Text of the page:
Surely computer programming and law are totally different, right?
I studied Law for undergraduate, but I learned to program and I recently perked onto the growing field of legal informatics. A lot of people think it is strange that I studied both Law and Computers. But, it is a growing area of interest, and it is has been for a long time. At least for 300 years or more, according to Stephen Wolfram. And, as far as I can tell, Law and Programming are very similar. They both use a system of logical rules to define a problem space. But whilst computer programs are normally written to produce very exact answers, legal problems often do not yet have a certain answer.
Describe the legal informatics paradox
Shortly put, legal informatics combines computer science and legal theory. It has been around for a long time. And there is a trend, though I don’t know how popular, to call Law ‘legal science’. But, legal systems are very different from scientific systems. Legal thought and scientific thought are quite separate. If you go to Law School, and you’d learn about qualitative principles like ‘justice’ or ‘fairness’ or ‘certainty’ that animate the Law (if you are lucky). Lawyers tend to use these hard-to-define, abstract concepts, to build their argument, and then they try to prove a series of value judgments about when one principle, such as fairness, might be sacrificed for another principle, such as certainty.
If you know how computer programs work, then there isn’t a clear way they can apply to problems within the legal domain. Computers are really good at things like counting, 1+2=3. These problems are so certain to define and easy to represent in a mechanical sense. Which we can then solve with an algorithm. Most computer languages would be totally useless for dealing with legal problems.
Really quick example of how all legal thought operates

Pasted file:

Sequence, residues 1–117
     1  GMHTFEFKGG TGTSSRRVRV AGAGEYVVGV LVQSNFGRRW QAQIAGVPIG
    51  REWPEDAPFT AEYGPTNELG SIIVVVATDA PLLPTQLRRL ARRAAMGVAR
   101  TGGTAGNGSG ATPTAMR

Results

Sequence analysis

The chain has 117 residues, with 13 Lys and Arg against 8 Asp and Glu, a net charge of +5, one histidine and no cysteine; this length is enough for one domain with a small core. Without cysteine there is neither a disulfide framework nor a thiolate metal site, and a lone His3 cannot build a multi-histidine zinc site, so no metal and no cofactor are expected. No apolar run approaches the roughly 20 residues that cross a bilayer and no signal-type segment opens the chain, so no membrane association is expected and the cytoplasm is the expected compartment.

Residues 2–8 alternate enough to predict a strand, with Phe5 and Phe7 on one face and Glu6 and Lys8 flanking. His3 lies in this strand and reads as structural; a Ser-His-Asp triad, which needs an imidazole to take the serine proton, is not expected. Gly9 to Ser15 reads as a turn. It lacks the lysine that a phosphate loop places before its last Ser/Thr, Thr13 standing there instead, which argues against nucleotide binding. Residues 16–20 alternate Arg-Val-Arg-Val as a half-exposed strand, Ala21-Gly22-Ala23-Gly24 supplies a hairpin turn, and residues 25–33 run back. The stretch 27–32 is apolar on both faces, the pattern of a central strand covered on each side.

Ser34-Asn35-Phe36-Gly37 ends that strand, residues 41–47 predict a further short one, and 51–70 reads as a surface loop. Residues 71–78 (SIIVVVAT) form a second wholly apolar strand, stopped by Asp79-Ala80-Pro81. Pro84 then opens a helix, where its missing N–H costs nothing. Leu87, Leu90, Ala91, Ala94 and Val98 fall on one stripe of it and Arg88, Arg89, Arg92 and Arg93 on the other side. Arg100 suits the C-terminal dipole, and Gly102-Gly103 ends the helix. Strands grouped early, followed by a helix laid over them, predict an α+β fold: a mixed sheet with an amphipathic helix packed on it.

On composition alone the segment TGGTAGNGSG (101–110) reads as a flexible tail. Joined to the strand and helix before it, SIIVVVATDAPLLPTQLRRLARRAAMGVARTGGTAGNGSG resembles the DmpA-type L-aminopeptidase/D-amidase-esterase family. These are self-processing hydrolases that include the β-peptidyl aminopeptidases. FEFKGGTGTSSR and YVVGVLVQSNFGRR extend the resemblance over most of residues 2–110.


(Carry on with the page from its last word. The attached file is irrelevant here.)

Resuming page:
Just a quick, stupid and inaccurate example to make my meaning clearer. If you are a local council (LC) and you buy thousands of faulty wheelie bins from Useless Bin Maker Ltd (UBM), and the manufacturing error only emerges eight years later, the Law provides for a general rule requiring the Council to seek damages within 6 years of the date the bins were delivered. It would benefit the LC if there was no limitation period at all. (Their lawyer might argue this is ‘fairer’.) But, this would disadvantage UBM. (Their lawyer might argue this promotes ‘certainty’.) As it stands, because this is a latent defective, LC can make a claim within 3 years of discovering the manufacturing fault, up to a maximum of 15 years thanks to the Latent Damage Act 1986 that modifies the standard position under the Limitation Act 1980. Here is a more detailed article explaining the limitation rules for contracts in England.
Legal thought is all about modifying and augmenting the rules of the system in response to new facts that call for a slightly different compromise between the motivating principles. It is a ‘normative’ exercise. Normative, according to Wikipedia, means “relating to an ideal standard or model, or being based on the normal or correct way of doing something“.
In some future posts, I’ll begin to talk about how people are trying to solve this legal informatics paradox, as Computer Scientists and programmers try to marry Law and Computation.